Re: testing installation bot just plain doesn't like XFree86
Santiago Vila <firstname.lastname@example.org> wrote:
>On Mon, 9 Apr 2001, Herbert Xu wrote:
>> If you want your packages to go into testing quickly, build against it
>> rather than unstable.
>This is not enough. I did exactly that with flex_2.5.4a-11 and
>procmail_3.15.1-3 but they are out of date by 4 days and are not being
>installed in testing yet. I assume it is because build daemons run unstable.
>We would avoid this problem if build daemons ran testing and not unstable.
Hmm, I was going to suggest that, but it's not that simple.
As far as I can tell, the testing scripts treat keeping architectures in
sync as a higher priority than keeping testing consistent. That is, the
first thing in update_output.txt is a bunch of apparently unconditional
upgrades of things that are already in testing but have only just got
built for some other architecture, after which the consistency checks
start. A couple of days ago, the uninstallability count rose by about 10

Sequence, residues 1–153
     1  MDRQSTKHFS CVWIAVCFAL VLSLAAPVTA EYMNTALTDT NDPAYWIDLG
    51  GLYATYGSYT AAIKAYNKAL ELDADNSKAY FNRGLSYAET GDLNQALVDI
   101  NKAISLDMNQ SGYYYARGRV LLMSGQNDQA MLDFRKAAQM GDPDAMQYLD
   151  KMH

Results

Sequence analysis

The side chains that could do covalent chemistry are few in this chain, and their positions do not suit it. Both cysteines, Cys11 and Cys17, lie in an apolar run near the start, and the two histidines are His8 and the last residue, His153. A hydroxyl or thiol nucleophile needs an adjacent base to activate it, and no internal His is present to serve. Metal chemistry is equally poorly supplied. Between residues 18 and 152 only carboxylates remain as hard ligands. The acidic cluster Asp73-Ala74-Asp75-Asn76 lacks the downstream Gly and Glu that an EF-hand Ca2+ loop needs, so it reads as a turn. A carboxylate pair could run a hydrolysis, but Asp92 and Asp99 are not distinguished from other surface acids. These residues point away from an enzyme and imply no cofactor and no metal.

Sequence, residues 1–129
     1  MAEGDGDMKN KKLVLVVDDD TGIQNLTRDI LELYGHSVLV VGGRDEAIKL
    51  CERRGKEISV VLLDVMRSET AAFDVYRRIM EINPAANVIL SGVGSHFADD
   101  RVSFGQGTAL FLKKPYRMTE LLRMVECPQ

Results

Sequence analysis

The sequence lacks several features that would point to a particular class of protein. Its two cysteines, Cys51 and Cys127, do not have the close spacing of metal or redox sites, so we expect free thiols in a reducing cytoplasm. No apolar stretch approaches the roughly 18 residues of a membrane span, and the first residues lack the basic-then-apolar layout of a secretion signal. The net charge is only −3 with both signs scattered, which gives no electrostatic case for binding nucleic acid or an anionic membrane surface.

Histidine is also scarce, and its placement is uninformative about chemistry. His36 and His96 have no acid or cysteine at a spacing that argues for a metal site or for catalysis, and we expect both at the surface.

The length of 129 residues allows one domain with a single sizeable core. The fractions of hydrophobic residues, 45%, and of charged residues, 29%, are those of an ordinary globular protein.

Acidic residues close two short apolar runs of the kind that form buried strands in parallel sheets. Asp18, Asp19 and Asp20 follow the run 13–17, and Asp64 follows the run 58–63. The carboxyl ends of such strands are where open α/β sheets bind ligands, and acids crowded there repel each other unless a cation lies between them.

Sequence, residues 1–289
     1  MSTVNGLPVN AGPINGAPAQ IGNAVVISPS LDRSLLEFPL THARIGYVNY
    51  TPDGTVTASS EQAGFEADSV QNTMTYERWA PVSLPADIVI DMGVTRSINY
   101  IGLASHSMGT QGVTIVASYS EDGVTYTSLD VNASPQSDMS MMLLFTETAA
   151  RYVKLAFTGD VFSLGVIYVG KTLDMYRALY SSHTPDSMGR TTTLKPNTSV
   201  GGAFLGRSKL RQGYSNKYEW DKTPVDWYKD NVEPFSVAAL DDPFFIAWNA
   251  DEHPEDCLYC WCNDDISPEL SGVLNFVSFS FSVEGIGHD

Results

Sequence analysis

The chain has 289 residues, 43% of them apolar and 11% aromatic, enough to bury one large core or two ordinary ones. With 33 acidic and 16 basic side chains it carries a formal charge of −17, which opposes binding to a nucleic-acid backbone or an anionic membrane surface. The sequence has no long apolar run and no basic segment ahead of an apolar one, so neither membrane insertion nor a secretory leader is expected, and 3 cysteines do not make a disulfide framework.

due to a number of lagged m68k uploads, for instance.
I guess this is partly a problem with lagging architectures, but it's
also going to be a problem for packages that have only just been ported;
if versions *and* dependency analysis are going to be locked across all
architectures, then we need to be more careful to make build
environments vaguely consistent across all architectures as well.
Is there any mileage in suggesting that build daemons might be able to
apply some heuristics (e.g. shlibdeps of uploaded binary packages) to
guess which build environment was originally used for a package, and
then build against the appropriate distribution? It seems that, as we
approach release, more and more people are going to want to build
against testing in order to get an urgent upload through, and build
daemons unconditionally running unstable would stymie that, just as
build daemons unconditionally running testing would stymie other things.
Manually building for all architectures may be an option, but that's
really something the buildds are there to do.
Colin Watson [email@example.com]